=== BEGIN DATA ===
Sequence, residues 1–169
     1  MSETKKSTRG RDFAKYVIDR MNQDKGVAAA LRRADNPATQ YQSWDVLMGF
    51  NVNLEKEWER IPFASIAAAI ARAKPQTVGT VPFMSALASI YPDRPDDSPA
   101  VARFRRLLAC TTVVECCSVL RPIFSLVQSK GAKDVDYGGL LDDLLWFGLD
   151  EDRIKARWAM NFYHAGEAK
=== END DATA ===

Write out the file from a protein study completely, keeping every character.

Sequence, residues 1–169
     1  MSETKKSTRG RDFAKYVIDR MNQDKGVAAA LRRADNPATQ YQSWDVLMGF
    51  NVNLEKEWER IPFASIAAAI ARAKPQTVGT VPFMSALASI YPDRPDDSPA
   101  VARFRRLLAC TTVVECCSVL RPIFSLVQSK GAKDVDYGGL LDDLLWFGLD
   151  EDRIKARWAM NFYHAGEAK